April 29, 2014
Our brains are biological computers. More than that, our biological brains are the most powerful, energy efficient computers on the planet and because of that, it should come as no surprise that there has been a lot of work done to try and emulate this power and efficiency in something technological rather than biological. Trying to copy the computing power and energy efficiency of the human brain is no small task, as it requires somehow mimicking the data processing capabilities of billions of neurons. There have been many attempts thus far, including the European Union’s Human Brain Project, which hopes to simulate the human mind using a supercomputer, the US BRAIN Project (Brain Research through Advanced Innovative Neurotechnologies), IBM‘s SyNAPSE Project, Heidelberg University’s BrainScales project, and many more.
There is now a new contender in the race to emulate the powerful processing power of the human brain, and that is the Neurogrid.
Created by a research team led by Kwabena Boahen, associate professor of bioengineering, Stanford University, the Neurogrid is a circuit board about the size of a modern iPad. It is made up of 16 custom-made “Neurocore” chips that, when combined, can simulate one million neurons and billions of synaptic connections. Powered just like an iPad and using the same amount of energy, this single device is far more powerful than your average (and even above average) personal computers while using only a fraction of the same power. Even so, it is still a far off contender to our own biological computers we keep tucked inside our skulls.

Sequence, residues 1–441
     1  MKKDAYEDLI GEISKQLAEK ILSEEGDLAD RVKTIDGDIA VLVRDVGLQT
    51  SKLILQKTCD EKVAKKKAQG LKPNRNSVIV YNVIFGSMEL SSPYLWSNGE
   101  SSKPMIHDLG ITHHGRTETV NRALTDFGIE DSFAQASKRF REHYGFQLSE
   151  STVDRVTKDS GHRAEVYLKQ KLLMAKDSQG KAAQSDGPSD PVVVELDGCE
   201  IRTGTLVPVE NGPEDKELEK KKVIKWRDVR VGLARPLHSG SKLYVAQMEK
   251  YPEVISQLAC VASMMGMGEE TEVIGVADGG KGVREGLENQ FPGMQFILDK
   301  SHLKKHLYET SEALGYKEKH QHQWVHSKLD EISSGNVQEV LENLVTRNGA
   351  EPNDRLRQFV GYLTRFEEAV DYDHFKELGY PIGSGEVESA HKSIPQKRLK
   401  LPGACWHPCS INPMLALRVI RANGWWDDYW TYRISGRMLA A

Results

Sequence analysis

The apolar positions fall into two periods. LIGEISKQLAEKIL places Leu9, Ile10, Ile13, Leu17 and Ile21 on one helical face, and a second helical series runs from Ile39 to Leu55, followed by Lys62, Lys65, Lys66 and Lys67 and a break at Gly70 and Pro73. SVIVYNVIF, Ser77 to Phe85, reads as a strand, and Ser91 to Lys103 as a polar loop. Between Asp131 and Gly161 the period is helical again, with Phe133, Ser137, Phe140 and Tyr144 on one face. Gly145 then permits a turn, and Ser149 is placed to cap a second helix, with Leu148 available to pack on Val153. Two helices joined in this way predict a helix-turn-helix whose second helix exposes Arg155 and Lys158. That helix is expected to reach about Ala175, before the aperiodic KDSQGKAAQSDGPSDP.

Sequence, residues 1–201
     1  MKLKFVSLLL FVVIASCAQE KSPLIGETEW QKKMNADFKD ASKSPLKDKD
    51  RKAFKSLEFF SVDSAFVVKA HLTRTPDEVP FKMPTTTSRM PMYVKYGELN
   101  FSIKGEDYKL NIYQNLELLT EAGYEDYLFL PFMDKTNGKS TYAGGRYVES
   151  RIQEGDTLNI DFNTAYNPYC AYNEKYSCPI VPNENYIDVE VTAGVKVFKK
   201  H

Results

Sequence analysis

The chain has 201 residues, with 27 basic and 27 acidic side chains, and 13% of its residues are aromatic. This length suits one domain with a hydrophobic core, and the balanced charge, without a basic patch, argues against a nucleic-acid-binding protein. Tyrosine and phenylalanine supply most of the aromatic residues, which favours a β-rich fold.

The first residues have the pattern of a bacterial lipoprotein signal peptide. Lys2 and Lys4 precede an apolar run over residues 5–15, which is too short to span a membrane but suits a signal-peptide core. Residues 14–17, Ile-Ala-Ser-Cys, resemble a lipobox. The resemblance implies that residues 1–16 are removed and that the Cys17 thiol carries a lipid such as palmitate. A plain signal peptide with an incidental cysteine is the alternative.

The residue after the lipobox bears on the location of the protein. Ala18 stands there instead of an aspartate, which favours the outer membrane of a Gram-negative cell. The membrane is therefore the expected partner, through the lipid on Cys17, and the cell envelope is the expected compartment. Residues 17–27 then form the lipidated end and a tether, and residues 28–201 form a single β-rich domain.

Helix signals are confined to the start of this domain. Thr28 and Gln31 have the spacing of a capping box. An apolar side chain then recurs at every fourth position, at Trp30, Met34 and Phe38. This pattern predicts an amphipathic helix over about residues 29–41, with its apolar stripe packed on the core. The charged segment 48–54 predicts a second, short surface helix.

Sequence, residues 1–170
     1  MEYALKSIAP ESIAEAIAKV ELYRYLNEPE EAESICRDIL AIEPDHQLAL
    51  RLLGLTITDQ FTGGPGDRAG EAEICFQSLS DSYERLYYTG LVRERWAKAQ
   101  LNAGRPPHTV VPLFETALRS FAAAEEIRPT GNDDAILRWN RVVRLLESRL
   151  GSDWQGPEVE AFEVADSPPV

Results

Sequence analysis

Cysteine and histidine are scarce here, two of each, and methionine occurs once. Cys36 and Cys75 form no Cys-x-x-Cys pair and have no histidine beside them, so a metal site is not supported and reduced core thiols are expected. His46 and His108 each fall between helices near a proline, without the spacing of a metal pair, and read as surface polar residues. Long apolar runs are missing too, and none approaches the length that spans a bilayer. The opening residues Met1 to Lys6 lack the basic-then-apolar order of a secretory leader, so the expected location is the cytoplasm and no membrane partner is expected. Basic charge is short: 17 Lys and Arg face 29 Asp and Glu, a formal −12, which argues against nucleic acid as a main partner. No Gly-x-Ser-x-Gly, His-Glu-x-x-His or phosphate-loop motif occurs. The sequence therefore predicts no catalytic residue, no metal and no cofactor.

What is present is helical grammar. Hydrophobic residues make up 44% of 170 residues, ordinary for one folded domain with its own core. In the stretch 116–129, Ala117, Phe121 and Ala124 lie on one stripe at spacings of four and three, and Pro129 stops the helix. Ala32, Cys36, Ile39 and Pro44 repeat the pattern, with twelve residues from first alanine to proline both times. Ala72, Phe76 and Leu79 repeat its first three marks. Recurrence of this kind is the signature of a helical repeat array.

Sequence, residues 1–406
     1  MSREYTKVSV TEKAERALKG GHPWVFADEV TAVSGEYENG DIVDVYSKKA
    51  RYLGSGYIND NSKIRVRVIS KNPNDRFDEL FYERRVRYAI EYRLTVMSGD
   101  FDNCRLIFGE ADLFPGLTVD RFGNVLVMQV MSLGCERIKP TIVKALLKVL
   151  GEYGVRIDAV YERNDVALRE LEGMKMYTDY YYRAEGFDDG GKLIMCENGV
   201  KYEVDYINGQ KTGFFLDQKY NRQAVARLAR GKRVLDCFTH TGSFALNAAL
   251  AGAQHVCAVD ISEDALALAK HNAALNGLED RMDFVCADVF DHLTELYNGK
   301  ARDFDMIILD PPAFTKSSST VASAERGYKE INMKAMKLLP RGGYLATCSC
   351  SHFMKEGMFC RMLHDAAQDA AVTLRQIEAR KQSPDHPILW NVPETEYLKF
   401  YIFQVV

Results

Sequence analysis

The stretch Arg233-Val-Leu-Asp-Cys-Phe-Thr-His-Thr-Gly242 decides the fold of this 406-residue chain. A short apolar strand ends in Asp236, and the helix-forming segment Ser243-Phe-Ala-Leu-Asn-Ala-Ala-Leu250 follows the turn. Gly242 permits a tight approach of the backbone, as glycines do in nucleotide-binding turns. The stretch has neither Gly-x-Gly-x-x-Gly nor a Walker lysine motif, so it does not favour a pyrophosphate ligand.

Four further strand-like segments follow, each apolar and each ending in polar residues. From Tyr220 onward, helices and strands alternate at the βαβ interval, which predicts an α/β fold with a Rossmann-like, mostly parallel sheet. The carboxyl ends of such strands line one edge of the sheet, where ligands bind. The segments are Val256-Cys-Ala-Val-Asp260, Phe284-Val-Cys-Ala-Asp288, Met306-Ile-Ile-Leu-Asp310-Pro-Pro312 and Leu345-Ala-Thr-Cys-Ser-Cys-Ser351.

At present, the design is not all that user friendly. Costing around 40,000 dollars, the device requires someone who knows how the human brain works just to program it. Since its completion, the team’s next task has been lower costs and simplify its programming without losing any of its processing power. This will involve the creation of all-new compiler software that should allow people who do not have degrees in advanced neuroscience to use this amazing device. The technology used to create the prototype Neurogrid is now 15 years old. The hope is that, once they are able to use modern manufacturing processes to fabricate the Nuerocore chips, they should be able to reduce the cost 100-fold, down to around 400 dollars per device.
As for what these devices could be used for, they will have many possible applications. Among these, the one that stands out the most is in cybernetic prosthetic limbs. As the Neurogrid works just like the human brain, the idea is to use Neurogrid to interpret signals sent by the brain, translate them, and send them to an attached artificial limb, giving that limb a similar responsiveness to ordinary ones, all without having to be tethered to some sort of external power source. There are a great many limitations on this potential application at present, some of which include being able to translate the brain’s signals into something a computer can read as well as designing an artificial limb with the same flexibility and strength as an organic one, but it is far from impossible. If anything, the Neurogrid has given us a great step forward into putting this sort of technology into our reach.
We live in an exciting time when it comes to technological marvels like the Neurogrid, and I am incredibly excited to see just where it will take us.
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